I recognise that finances are under pressure, but I would say the same to the hon. Lady as I said to the hon. Member for South Derbyshire. The situation is not the same across the entire country. Youth unemployment in my area sits at some 5.3% whereas the Scottish average is 4.8% and the UK average is 3.8%, as there are so few job opportunities. When young academically inclined people in my area manage to get off to college or university, 90% never come back because the quality jobs that the hon. Member for South Derbyshire has spoken about are simply not there. It is a rural economy—tourism is the other major employer—but the growing job market is in the care sector as people come to the area to retire. We have a vastly different economy to other places, although similar economies exist.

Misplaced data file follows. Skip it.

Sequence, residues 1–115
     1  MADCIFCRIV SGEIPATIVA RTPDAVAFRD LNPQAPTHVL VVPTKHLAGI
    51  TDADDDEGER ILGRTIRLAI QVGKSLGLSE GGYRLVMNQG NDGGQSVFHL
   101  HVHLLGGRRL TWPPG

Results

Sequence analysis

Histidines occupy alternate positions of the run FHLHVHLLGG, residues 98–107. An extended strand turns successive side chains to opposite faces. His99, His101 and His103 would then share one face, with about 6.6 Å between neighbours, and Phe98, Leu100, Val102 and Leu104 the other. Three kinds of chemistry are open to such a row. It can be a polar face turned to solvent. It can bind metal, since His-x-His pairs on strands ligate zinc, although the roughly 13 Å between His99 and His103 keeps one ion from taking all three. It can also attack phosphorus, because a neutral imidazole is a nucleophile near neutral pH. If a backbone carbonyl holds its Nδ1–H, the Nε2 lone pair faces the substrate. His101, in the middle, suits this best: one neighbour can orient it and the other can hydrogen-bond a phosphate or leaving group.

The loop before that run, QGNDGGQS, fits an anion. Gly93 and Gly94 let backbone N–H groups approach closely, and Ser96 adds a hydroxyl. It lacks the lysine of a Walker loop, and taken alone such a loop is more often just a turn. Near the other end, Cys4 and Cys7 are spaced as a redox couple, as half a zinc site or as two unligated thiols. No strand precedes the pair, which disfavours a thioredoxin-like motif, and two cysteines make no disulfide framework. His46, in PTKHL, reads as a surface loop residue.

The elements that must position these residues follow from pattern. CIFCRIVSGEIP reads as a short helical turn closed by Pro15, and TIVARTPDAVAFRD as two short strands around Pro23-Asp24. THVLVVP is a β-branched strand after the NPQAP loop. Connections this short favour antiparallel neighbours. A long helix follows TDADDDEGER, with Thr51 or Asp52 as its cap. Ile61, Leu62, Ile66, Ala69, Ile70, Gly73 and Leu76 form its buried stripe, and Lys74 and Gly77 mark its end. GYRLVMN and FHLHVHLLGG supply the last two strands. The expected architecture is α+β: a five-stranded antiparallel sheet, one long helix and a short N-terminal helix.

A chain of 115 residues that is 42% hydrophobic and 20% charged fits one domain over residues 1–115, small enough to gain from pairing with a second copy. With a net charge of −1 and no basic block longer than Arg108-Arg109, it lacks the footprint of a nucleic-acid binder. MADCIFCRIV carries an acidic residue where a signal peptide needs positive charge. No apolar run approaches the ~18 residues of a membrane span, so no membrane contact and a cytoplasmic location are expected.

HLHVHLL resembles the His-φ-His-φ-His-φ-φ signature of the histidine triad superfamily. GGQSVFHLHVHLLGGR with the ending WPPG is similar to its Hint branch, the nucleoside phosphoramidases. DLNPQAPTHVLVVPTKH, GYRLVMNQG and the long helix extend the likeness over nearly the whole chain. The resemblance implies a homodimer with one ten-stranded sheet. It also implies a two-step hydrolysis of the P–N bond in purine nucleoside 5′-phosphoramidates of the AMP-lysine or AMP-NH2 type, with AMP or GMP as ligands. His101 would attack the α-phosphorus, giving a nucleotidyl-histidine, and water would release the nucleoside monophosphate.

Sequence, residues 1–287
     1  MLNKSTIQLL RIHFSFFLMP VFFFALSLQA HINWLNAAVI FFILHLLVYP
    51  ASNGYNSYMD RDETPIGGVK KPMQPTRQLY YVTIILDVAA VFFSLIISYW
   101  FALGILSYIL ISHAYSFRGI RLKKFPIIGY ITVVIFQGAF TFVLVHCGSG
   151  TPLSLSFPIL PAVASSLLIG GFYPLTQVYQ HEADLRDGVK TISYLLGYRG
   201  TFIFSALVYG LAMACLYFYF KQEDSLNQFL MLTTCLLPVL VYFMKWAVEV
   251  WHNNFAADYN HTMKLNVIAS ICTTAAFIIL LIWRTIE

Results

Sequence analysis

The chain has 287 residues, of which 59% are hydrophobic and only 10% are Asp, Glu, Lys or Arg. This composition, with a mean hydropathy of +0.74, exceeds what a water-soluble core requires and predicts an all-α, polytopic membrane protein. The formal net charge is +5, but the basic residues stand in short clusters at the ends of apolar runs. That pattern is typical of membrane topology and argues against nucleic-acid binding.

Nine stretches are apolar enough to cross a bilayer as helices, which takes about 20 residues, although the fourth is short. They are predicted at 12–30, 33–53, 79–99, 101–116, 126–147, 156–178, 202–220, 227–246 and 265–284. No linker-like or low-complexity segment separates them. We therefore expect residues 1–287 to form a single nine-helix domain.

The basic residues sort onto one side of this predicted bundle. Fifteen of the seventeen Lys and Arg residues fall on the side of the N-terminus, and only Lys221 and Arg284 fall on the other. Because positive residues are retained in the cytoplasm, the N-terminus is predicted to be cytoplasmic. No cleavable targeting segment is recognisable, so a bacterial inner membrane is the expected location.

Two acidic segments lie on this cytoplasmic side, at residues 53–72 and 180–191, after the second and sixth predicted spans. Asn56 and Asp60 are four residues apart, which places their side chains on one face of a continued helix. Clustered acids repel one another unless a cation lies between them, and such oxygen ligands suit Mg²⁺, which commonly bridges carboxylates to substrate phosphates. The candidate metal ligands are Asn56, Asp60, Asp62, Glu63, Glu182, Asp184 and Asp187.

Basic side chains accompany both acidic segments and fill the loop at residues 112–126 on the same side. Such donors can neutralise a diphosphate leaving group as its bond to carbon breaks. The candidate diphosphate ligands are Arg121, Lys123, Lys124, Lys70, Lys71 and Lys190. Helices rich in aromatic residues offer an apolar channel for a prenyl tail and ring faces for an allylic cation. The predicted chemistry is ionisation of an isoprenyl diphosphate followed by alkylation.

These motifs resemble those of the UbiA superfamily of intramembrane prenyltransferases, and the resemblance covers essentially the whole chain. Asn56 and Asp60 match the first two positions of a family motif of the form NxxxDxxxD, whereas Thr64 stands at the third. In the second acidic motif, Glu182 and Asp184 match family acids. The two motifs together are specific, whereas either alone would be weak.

I want to move on to the issue of the national minimum wage. I said in an intervention on my hon. Friend Mr Umunna, the shadow Secretary of State, that I served on the Committee for the National Minimum Wage Bill. As I said at the time, the only other person who served on the Committee who was in the Chamber at the time at which I made the intervention was Mr Speaker. There were some long nights. Indeed, I remember two particularly lengthy sittings: one that started at 4.30 on a Tuesday afternoon and ended at 1 o’clock the following afternoon, and another that started at 4.30 on a Thursday afternoon and finished at 6.30 the following morning. But it was really worth it. I remember campaigning in Lockerbie when the figure of £3.60 an hour was announced, and one guy I met on the doorstep asked, “Is this figure of £3.60 right?” I said yes and asked whether it would affect him. “Of course it will,” he said. He was working the best part of 50 hours a week in the forests—heavy, dirty and dangerous work—but taking home only about £112 a week.